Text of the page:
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Direct Democracy and Local Public Goods in Indonesia
Last registered on September 27, 2016

Pre-Trial

Trial Information
General Information
Title
Direct Democracy and Local Public Goods in Indonesia
RCT ID
AEARCTR-0001348
Initial registration date
September 27, 2016
Last updated
September 27, 2016 11:42 AM EDT
Location(s)
Primary Investigator
Affiliation
MIT
Other Primary Investigator(s)
Additional Trial Information
Status
Completed
Start date
2005-09-22
End date
2006-01-31
Secondary IDs
Abstract
This article presents an experiment in which 49 Indonesian villages were randomly assigned to choose development projects through either representative-based meetings or direct election-based plebiscites. Plebiscites resulted in dramatically higher satisfaction among villagers, increased knowledge about the project, greater perceived benefits, and higher reported willingness to contribute. Changing the political mechanism had much smaller effects on the actual projects selected, with some evidence that plebiscites resulted in projects chosen by women being located in poorer areas. The results suggest that direct participation in political decision making can substantially increase satisfaction and legitimacy.
External Link(s)
Registration Citation
Citation
Olken, Benjamin. 2016. "Direct Democracy and Local Public Goods in Indonesia." AEA RCT Registry. September 27. https://doi.org/10.1257/rct.1348-1.0.
Former Citation
Olken, Benjamin. 2016. "Direct Democracy and Local Public Goods in Indonesia." AEA RCT Registry. September 27. https://www.socialscienceregistry.org/trials/1348/history/10822.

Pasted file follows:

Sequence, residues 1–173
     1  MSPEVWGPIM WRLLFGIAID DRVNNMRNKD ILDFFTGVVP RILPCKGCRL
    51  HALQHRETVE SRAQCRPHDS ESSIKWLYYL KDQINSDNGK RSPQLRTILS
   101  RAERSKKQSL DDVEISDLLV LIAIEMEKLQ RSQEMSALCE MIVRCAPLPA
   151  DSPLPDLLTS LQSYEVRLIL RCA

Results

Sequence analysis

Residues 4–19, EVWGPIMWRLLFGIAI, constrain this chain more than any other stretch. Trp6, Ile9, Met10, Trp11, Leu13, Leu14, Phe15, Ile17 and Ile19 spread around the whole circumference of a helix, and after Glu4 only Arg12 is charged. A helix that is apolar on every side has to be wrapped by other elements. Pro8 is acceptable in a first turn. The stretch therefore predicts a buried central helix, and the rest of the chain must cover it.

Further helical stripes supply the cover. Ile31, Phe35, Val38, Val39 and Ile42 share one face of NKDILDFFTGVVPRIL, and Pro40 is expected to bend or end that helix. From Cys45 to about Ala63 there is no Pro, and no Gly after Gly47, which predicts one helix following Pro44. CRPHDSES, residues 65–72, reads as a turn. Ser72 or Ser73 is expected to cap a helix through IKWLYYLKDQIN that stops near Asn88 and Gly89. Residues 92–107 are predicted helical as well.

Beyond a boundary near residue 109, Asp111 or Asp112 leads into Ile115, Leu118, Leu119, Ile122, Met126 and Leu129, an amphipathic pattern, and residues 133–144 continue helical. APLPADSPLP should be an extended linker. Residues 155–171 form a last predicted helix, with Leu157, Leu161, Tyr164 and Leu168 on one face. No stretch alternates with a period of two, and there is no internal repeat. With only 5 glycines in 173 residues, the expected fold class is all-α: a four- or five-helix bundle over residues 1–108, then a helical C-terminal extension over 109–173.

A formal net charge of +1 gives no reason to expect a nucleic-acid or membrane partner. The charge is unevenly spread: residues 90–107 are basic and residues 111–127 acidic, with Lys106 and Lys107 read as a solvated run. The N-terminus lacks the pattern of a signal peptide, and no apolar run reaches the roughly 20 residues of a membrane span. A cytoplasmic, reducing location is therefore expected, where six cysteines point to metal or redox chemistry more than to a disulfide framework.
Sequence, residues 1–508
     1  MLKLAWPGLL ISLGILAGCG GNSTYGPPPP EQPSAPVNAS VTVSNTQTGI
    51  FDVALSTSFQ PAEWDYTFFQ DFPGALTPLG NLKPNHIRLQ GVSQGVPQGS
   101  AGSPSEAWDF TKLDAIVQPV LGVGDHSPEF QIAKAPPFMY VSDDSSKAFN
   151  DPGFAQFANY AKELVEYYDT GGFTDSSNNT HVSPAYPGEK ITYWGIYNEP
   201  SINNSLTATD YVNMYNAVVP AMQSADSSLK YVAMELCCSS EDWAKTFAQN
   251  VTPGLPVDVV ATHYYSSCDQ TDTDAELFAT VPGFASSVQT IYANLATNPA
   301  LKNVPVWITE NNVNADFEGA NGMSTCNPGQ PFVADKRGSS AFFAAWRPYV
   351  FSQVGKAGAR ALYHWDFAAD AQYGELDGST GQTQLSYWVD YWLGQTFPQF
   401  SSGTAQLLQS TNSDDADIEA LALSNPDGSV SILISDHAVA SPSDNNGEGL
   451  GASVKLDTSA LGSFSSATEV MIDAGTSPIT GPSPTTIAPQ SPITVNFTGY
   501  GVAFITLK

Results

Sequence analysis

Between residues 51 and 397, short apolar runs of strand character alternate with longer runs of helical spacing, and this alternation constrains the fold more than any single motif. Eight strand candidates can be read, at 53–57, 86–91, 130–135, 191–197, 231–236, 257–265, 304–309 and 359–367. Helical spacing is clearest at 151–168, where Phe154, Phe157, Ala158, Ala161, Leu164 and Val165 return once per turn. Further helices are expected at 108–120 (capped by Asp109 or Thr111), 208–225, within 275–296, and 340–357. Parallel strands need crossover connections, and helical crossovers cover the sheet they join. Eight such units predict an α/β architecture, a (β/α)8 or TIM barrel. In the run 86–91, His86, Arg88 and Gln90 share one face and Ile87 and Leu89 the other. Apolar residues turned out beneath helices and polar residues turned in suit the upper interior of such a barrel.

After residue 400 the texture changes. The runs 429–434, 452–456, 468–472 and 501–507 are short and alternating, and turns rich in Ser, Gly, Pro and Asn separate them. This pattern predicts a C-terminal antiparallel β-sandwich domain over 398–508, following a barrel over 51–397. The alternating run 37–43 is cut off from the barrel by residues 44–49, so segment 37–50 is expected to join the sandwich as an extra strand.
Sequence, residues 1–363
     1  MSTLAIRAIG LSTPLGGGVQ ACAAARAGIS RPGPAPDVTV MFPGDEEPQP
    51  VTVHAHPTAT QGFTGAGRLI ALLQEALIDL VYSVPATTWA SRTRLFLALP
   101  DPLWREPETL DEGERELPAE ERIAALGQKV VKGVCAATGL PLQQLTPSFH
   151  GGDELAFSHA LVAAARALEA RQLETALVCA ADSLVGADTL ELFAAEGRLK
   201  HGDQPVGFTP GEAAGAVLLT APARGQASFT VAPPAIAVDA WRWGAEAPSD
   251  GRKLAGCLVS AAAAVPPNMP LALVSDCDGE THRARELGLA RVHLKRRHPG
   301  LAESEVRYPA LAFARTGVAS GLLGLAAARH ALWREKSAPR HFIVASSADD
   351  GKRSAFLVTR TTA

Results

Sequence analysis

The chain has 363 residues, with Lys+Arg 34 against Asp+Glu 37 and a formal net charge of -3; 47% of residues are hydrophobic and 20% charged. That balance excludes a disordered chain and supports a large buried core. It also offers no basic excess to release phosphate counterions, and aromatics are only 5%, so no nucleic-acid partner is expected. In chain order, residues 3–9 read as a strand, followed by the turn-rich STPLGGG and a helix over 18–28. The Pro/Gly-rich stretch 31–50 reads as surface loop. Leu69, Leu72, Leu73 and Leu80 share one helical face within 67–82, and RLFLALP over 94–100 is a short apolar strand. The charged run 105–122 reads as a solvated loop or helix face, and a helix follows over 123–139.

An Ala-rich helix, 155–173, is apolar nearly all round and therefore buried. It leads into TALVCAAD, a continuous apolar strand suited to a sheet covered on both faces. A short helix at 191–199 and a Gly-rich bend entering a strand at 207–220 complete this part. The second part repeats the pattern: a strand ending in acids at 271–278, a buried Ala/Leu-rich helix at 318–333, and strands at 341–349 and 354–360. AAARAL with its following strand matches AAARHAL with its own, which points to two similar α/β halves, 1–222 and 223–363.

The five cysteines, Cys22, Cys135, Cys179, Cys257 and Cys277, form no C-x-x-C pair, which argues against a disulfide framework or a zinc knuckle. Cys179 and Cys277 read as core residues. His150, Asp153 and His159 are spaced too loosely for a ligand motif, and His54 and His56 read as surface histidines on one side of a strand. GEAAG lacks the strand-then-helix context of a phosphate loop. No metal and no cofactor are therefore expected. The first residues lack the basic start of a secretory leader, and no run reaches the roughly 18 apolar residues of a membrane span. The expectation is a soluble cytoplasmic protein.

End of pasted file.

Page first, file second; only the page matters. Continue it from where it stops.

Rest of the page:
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Experimental Details
Interventions
Intervention(s)
Intervention Start Date
2005-09-22
Intervention End Date
2006-01-31
Primary Outcomes
Primary Outcomes (end points)
Impact of Plebiscites on Project Type, Impact of Plebiscites on Project Rank, Plebiscites and Project Location by Hamlet Poverty Rank, Plebiscites and Project Location by Hamlet Population, Plebiscites and Project Location by Hamlet Centrality, Impact of Plebiscites on Project Location, Impact of Plebiscites on Perceptions of KDP Process.



Primary Outcomes (explanation)
Secondary Outcomes
Secondary Outcomes (end points)
Secondary Outcomes (explanation)
Experimental Design
Experimental Design
This experiment sought to investigate whether Indonesia's current system of decentralized village-based decision-making suffers from elite capture, as well as the perceived legitimacy of this system. Each village was preparing to apply for infrastructure projects as part of the Indonesian Kecamatan Development Program (KDP). The experiment randomly allocated 49 Indonesian villages to choose their projects either through a standard KDP decision-making process, in which projects are selected at two representative village meetings (one meeting to select the general project, and one meeting exclusively with women representatives to select the women's project), or through direct plebiscites, in which all villagers could vote directly at an election for their most preferred projects. To mirror the meeting-based process, in plebiscite villages two simultaneous votes were held, one in which all adults in the village were eligible to vote for the general proposal and one in which all adult women in the village were eligible to vote on the women's-specific proposal.